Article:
Yankees star will prioritize “smart” style over “playing hard” to be healthier

New York Yankees, Aaron Judge
USA Today

The New York Yankees have had to endure long stretches of play without their top two offensive stars in the last couple of seasons. Giancarlo Stanton and Aaron Judge have suffered injury after injury and haven’t been able to play a full slate of games.

But Judge vows to prioritize smart play over going all in, with the intention of making sure he is out there helping the Yankees more often than not.

Judge reported to the Yankees’ spring training site this week with high hopes over a new season, one in which the Bombers will seek their 28th World Series ring.

“Getting kicked out in the [American League] Division Series is not what our goal is,” Judge said on Tuesday, per MLB.com. “It’s not what we intended. … It starts in the regular season, keeping guys on the field, playing hard and winning our division. I think if we can do that and take care of business there, it sets us up for the postseason where anything can happen.”

The Yankees want to preserve Judge’s health

After dealing with lung and rib issues prior to the start of last season, the Yankees’ slugger lost some time due to a right calf strain that he later aggravated.

Judge has played in 242 of a possible 384 regular-season games since the beginning of the 2018 season. He has missed time with multiple issues, including oblique strains, the mentioned punctuated lung/cracked rib, and the calf strains, among others.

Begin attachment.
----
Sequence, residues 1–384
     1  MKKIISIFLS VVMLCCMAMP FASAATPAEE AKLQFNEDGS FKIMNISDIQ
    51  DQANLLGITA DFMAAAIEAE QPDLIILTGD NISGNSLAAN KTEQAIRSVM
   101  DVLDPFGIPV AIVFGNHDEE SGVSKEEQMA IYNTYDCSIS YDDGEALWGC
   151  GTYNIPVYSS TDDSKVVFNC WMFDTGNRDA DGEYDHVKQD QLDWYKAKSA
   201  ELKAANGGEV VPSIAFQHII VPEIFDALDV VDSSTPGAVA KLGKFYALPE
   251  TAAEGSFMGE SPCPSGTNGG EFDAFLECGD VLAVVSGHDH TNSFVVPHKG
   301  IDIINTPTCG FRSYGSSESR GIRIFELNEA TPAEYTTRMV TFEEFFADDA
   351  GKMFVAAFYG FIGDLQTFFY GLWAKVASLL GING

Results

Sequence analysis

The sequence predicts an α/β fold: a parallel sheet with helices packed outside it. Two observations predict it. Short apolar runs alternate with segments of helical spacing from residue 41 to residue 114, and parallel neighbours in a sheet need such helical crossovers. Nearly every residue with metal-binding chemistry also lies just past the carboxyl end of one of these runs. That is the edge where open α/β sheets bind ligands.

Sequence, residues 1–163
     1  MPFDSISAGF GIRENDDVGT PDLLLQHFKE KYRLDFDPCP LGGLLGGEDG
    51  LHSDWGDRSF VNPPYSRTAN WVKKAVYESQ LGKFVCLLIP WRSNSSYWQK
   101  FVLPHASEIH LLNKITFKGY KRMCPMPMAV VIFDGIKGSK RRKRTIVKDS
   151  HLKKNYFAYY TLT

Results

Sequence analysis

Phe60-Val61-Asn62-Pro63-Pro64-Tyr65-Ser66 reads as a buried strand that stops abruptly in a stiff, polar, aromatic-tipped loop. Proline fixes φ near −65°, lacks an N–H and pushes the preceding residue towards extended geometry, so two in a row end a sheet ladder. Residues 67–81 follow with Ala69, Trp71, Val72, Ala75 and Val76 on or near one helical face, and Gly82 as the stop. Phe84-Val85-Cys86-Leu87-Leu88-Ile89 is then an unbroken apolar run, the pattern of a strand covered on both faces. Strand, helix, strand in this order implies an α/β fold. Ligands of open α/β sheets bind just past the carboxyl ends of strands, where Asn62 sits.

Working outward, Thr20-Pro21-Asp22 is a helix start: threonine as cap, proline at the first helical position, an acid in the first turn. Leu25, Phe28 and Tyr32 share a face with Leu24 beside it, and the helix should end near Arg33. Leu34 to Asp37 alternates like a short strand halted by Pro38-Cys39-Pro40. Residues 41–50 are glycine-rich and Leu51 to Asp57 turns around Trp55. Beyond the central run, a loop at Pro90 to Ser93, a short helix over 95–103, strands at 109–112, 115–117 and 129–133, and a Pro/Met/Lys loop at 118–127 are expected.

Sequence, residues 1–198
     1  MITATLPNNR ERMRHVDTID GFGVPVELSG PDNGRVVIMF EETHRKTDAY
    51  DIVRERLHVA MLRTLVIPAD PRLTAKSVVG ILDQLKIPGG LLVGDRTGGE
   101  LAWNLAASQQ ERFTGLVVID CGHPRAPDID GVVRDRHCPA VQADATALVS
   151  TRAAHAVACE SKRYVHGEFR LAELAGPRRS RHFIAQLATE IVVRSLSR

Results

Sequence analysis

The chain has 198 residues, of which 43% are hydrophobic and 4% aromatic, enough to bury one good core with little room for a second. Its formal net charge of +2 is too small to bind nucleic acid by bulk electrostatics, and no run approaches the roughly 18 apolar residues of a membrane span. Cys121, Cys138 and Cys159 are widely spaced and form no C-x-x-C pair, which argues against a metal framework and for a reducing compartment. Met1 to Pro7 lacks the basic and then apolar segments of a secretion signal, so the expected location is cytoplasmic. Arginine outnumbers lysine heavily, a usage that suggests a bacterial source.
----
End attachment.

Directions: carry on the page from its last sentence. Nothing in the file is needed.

“Over the years, you learn to work a little smarter, not harder,” Judge said. “If I get a better first read, a better first step, that might help me not to have to crash into a wall. With my big body, 275 [pounds] diving over 162 games, it does a lot of wear and tear. It comes back to just playing a little bit smarter.”

The Yankees got Judge to reduce heavy lifting and doing yoga and other exercises.

“Last year I thought I was coming in healthy, but I played a whole [2019] postseason and worked out all offseason with a broken rib and a punctured lung,” Judge said. “I’m excited to come in feeling great. Being 6’7” and 275 [pounds] is a little different than 5-foot-6 Brett Gardner and 150 pounds. We’ve got to do things a little bit different.”